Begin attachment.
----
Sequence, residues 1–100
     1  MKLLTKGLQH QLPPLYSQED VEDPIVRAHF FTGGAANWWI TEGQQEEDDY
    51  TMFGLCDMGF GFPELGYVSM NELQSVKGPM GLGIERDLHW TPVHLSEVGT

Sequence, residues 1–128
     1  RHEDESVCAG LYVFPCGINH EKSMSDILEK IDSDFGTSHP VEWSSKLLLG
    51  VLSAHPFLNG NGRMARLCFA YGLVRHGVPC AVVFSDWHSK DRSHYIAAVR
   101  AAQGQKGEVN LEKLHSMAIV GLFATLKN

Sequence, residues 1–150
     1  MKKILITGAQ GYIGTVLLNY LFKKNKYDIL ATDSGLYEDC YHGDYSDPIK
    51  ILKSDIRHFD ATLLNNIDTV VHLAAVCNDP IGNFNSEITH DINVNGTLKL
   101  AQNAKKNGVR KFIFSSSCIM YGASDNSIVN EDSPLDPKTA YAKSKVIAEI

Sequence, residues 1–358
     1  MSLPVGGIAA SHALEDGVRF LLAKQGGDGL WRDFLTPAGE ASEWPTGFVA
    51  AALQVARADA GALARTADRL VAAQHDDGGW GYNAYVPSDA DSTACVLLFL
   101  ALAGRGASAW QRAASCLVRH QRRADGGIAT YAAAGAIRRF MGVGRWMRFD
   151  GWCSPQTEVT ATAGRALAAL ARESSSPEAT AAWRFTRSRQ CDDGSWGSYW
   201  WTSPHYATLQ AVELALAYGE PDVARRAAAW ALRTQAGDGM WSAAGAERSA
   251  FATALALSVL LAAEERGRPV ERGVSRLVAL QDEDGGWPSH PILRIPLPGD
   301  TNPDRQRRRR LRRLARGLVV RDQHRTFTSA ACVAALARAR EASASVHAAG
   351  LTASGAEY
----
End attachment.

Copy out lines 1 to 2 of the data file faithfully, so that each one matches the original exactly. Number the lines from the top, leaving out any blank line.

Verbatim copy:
Sequence, residues 1–100
     1  MKLLTKGLQH QLPPLYSQED VEDPIVRAHF FTGGAANWWI TEGQQEEDDY